Determining Bodo’s status is no walk in the park

Courtesy of Action Line

The sign at Bodo Drive clearly shows the site is supposed to be ranches and not a ‘park’ as most people call it.

If Bodo Park is a “park,” why are there no picnic facilities or places for children to play? Or does Durango’s definition of “park” mean weedy fields and heavy equipment surrounded by chain-link fence? – Bodo Observer

Like many places in and around Durango, the name we call something is not the name the site was given.

For instance, who calls the bridge behind Home Depot by its official name, the “Rivera Bridge?” No, it’s the Home Depot Bridge.

Think of “the mesa.” Everyone knows where “the mesa” is. Its residents proudly say, “I live out on the mesa.” But typing “the mesa” in MapQuest will get you nowhere.

Same thing with “the old Fort” or “Rio Grande Land.” Even the Henry Strater Theatre is better known as “the Hank.”

And so it goes with “Bodo Park.” Its official name is “Bodo Industrial Ranches,” as a recent visit there confirmed.

But that brings up another question. If ranches comprise Bodo, where are the sheep or cows?

So now we not only have an issue regarding the definition of “park,” but also the definition of “ranch.”

In true Durango fashion, “the Ranch” is a popular downtown establishment that serves adult leisure beverages.

However, one could make the case that “the Ranch” really is a ranch – because of the fact that animal husbandry occurs there on a nightly basis, most notably before last call.Meanwhile, back at the ranch (the Bodo one), it should be noted that the business “park” was never meant to be a place of recreation. It was founded in the 1970s by a consortium of local bankers known as the Durango Industrial Development Foundation.They designated the area for concentrated commercial use and light industry.Today, no longer on “the outskirts of town,” Bodo has evolved into offices, small business, hotels, retail – and a “warehouse” of a different nature: the county’s hoosegow.So in addition to housing insurance firms, CPA offices, La Plata Electric and local radio broadcasting operations, Bodo Industrial Ranches is home to a burgeoning roll call of local miscreants, ne’er-do-wells, riffraff, ruffians, hooligans, troublemakers and thugs.Maybe that proves that Bodo Park is really a ranch after all, especially considering the county jail’s plentiful fences and barbed wire. Don’t most ranches feature fences and barbed wire?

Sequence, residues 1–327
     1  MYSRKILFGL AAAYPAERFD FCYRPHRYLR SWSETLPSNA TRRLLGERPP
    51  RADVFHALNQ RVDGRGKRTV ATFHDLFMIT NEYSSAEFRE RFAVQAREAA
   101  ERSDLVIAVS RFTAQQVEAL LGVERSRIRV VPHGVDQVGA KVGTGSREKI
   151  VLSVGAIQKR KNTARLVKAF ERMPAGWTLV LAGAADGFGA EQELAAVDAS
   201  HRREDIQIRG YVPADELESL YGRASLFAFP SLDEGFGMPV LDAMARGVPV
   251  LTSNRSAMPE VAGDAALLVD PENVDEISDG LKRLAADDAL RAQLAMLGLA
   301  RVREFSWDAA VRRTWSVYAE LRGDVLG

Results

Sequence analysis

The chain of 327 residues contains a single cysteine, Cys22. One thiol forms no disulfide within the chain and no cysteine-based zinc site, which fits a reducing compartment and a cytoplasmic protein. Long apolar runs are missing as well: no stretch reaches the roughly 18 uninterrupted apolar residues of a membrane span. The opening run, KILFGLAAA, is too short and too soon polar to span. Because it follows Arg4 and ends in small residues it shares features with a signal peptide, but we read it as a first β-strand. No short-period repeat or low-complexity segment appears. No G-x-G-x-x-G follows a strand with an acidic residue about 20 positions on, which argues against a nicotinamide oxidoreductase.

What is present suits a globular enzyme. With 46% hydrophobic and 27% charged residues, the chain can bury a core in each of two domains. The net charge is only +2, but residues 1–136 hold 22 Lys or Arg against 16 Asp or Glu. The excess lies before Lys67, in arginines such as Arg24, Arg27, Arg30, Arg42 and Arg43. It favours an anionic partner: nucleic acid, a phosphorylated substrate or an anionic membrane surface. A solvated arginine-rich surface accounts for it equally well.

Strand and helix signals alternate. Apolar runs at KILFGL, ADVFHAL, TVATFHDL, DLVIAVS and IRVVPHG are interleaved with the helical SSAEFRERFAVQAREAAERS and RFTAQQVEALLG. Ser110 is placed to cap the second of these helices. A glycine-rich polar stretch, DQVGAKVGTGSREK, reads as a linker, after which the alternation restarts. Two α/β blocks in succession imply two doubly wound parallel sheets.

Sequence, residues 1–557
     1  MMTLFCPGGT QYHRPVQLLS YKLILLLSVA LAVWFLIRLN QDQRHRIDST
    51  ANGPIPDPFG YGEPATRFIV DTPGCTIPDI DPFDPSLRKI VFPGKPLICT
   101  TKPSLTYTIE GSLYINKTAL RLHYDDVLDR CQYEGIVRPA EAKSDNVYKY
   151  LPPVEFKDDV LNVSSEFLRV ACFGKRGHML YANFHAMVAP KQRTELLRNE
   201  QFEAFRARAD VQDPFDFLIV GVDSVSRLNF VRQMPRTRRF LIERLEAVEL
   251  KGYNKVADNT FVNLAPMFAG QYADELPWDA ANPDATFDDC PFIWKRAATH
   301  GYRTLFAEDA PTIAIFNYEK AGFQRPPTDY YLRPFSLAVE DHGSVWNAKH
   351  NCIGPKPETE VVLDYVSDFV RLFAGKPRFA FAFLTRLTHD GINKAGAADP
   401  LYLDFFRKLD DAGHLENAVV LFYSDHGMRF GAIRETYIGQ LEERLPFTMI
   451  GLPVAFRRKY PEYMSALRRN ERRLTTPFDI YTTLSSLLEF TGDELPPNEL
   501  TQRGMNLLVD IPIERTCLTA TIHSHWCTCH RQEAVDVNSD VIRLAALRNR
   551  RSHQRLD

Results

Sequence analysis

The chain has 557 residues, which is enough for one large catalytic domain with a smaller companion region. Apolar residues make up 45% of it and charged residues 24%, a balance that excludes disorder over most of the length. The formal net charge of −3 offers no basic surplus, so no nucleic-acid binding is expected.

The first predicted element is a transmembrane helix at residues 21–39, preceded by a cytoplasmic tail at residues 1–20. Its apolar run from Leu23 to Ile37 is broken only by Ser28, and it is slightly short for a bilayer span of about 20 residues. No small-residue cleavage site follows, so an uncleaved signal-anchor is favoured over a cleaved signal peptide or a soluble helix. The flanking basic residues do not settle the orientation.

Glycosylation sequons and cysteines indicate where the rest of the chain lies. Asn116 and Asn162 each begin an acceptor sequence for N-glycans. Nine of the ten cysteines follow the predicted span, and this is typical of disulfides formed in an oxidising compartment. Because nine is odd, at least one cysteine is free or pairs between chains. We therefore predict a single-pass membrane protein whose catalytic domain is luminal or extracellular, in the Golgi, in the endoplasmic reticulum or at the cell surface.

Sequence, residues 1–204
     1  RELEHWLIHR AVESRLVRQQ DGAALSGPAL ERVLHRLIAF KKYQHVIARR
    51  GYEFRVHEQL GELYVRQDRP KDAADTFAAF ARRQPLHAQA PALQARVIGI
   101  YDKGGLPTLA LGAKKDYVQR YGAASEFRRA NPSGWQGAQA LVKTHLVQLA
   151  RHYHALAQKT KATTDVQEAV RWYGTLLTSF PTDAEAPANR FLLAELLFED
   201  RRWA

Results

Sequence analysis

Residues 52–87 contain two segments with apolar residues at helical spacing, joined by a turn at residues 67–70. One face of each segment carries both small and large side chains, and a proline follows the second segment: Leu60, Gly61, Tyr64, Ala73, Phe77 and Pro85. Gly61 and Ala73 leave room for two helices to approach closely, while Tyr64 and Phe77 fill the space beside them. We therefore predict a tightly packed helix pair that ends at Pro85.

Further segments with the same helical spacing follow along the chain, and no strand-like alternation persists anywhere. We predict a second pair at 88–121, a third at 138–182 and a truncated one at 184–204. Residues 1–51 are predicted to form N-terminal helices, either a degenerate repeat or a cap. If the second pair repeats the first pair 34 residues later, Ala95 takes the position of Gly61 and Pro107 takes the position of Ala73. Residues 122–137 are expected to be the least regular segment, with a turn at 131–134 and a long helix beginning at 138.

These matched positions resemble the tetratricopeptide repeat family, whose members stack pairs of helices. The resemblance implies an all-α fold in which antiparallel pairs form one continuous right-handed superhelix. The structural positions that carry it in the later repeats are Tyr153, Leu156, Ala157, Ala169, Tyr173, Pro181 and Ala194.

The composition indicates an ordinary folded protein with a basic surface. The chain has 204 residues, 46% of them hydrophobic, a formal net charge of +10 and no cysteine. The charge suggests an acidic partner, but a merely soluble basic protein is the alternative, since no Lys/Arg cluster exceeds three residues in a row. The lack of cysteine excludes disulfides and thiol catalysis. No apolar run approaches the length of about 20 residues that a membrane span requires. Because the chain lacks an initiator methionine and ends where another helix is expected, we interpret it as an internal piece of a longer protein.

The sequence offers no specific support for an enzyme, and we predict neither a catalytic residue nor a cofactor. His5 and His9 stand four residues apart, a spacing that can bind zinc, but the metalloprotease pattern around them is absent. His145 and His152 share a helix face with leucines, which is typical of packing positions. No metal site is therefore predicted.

Anyway, if you want a park for Bodo Industrial Ranches, the area does have certain traits of what we associate with verdant public spaces.

For recreational facilities, there’s Fitness Solutions 24/7. You won’t find swing sets or monkey bars there, but the elliptical trainers and weights will more than suffice.

And what about gardens? Bodo has plenty of gardens!

The most popular Bodo garden is the beer garden at Ska Brewing Co.’s world headquarters on Girard Street, where the Thursday Ska-B-Q is a weekly shebang.Let’s not forget Bodo’s Bayfield Gardens, at least during the spring and summer months.For the indoor grower, there’s All Seasons Gardening, a Bodo-based provider of hydroponic supplies for folks who want to raise plants such as tomatoes and, um, other crops that thrive under artificial lights.

Bodo also has Parker Avenue, named for Steve Parker, a longtime Colorado Department of Tourism commissioner and retired banker. Back in the day, Steve was a member of the Durango Industrial Development Foundation.

Action Line bumped into Steve on a plane ride to Denver last week. “Bodo Park was one of the best things we did,” Steve said proudly.

“But is Bodo a park or a ranch?” asked Action Line.

Steve chuckled. “I suppose it’s both a ranch and park, because it’s all about growing business.”

Email questions to actionline@durangoherald.com or mail them to Action Line, The Durango Herald, 1275 Main Ave., Durango, CO 81301. You can request anonymity if you wonder why they call it the Durango Tech Center when there are no software firms there.

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